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Facebook censored a 29,500-year-old figurine. Is Christian Iconography next?


Public Domain

El Greco's Pietá, painted between 1578 et 1585.

Daniel Esparza - published on 03/09/18

"We don't allow ads that contain shocking or sensational content, including ads that depict violence or threats of violence."

That Facebook has censored works of art – from Paleolithic fertility figurines to twentieth-century iconic photographs – is not exactly news. But there is now also concrete evidence of the censorship that the largest social network in the world is exercising on some of the most traditional Christian images.
Let’s start with what we already know.

Last December, Vienna’s Natural History Museum found out the hard way that a 29500-years-old figurine –the famous Venus of Willendorf, a Paleolithic age symbol of fertility- was “pornographic.” As Laura Ghianda tried to post a photo of the Venus on Facebook in 2017, she was banned from doing so, as the image allegedly violated the company’s nudity policies.

The museum’s response was quite straightforward. In its own Facebook profile, the museum wrote:

“For 29500 years she has shown herself as a prehistoric fertility symbol without any clothes. Now Facebook has censored it and upset the community (…) an archaeological object, especially such an iconic one, should not be banned from Facebook because of ‘nudity,’ as no artwork should be.”

Although the museum shared this post in January 2018, this only came to be a public matter after several different media outlets specializing in art started to cover the story, The Art Newspaper being the first one of many, with a long article written by Aimee Dawson on February 27.

Facebook ended up apologizing, explaining that although its policies do not even allow any suggested nudity, they “we make an exception for statues, which is why the post should have been approved.”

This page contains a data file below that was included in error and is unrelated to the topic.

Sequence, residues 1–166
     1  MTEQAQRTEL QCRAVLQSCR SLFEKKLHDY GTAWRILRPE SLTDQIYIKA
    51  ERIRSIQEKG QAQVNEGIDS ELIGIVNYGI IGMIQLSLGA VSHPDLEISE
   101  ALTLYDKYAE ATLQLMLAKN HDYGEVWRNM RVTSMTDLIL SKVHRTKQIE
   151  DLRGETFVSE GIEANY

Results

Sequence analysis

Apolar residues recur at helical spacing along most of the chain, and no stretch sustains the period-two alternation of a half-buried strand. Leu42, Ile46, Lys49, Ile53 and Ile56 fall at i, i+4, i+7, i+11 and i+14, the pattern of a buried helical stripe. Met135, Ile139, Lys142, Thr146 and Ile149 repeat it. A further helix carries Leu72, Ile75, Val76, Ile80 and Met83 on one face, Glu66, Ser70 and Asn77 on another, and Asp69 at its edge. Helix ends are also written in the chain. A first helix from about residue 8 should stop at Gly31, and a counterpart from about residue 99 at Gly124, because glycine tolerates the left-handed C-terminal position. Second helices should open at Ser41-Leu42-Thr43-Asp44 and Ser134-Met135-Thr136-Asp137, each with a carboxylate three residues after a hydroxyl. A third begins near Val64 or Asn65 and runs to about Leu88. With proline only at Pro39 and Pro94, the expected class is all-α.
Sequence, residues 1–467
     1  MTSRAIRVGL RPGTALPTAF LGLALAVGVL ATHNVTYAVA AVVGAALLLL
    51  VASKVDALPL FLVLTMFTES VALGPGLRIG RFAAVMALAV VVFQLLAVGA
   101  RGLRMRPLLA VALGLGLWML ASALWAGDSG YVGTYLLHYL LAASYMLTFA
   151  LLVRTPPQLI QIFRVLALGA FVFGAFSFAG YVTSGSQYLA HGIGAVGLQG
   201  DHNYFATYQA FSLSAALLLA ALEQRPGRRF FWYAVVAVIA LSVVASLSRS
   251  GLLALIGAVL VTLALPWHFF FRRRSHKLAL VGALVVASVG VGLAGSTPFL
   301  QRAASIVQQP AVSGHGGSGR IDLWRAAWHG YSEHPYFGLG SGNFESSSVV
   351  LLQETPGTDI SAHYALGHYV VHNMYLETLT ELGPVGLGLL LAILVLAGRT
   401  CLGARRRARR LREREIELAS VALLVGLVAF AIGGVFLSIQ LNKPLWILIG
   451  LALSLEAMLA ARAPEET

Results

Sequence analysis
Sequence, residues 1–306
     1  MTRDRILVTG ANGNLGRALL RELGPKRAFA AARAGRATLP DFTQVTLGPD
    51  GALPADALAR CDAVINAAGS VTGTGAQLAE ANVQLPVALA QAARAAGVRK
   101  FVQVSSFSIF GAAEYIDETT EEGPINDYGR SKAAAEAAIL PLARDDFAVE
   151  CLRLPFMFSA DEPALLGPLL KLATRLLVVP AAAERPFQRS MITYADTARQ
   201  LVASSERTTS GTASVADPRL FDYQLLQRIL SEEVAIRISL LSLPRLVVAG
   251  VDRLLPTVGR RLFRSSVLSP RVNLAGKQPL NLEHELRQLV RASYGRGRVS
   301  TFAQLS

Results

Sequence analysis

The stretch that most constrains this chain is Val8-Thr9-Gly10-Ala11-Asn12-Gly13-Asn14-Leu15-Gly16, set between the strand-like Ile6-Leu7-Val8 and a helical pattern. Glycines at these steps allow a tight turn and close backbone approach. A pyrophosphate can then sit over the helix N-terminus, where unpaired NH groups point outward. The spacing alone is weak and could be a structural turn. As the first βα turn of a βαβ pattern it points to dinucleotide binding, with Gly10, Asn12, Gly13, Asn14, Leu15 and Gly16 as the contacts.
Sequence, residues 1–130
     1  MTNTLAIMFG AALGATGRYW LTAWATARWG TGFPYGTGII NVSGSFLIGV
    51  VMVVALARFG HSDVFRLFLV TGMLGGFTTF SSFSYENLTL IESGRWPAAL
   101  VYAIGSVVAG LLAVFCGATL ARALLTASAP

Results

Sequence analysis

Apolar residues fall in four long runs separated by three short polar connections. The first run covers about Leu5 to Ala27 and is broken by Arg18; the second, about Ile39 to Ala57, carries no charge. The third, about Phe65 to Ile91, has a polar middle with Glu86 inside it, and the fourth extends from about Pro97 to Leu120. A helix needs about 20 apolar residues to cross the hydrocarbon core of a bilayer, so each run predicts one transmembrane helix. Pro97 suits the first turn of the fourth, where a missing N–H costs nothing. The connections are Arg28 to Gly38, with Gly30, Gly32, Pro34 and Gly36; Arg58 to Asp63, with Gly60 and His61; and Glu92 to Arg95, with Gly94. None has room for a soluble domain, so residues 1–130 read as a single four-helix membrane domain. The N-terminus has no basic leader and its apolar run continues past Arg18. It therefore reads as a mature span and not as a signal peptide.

But that doesn’t seem to be the case with other forms of art: Facebook has also banned German street artists, Courbet (the case went to court), Gerhard Richter, Evelyne Axell, and even Edvard Eriksen’s famous sculpture of The Little Mermaid (to Denmark’s outrage), among others. If specialized media outlets were wondering whether Facebook was “too conservative for contemporary art,” the case of the Venus of Willendorf explains it’s not a matter of contemporary art alone.

Now, nudity is not the only thing Facebook censors. In fact, as Tim Schneider explained in an article published on ArtNet, censorship “is built into Facebook’s DNA.” As the author explains, it’s a problem of both humans and machines:

Both machines and humans are to blame. Much of Facebook’s content review process is carried out by algorithms, as anyone who has followed the ongoing “fake news” junkyard fire knows. Here’s a relevant nudity-based excerpt from The Four, Scott Galloway’s book on the quartet of tech giants now aggressively reshaping our lives: “A digital space needs rules. Facebook already has rules—it famously deleted the iconic image from the Vietnam War of a naked girl running away from her burning village. It also deleted a post by the Norwegian prime minster critical of Facebook’s actions. A human editor would have recognized the image as the iconic war photo. The AI did not.”

Sure, it’s hard work. But, as Easter approaches, Facebook will have to teach its AI traditional images of Jesus’ Passion might not exactly be considered as containing “shocking or sensational content” depicting “violence or threats of violence.”

Recently, at, we have found ourselves struggling with Facebooks advertising policy, which has prevented us from promoting some of our own content, because it includes images of the Passion, partial nudity (as depicted in classic works of art), or images of martyrdom in general (again, not snuff-like photographs but just artistic depictions of it). In fact, an image showing the stigmatized hands of Francis Houle was considered by Facebook as containing “shocking or sensational content, including ads that depict violence or threats of violence.”

You can check out some of the non-approved ads we intended to promote (and the explanation we received from Facebook) in the slideshow included in this article. We appealed their decision, and are currently waiting for a reply.

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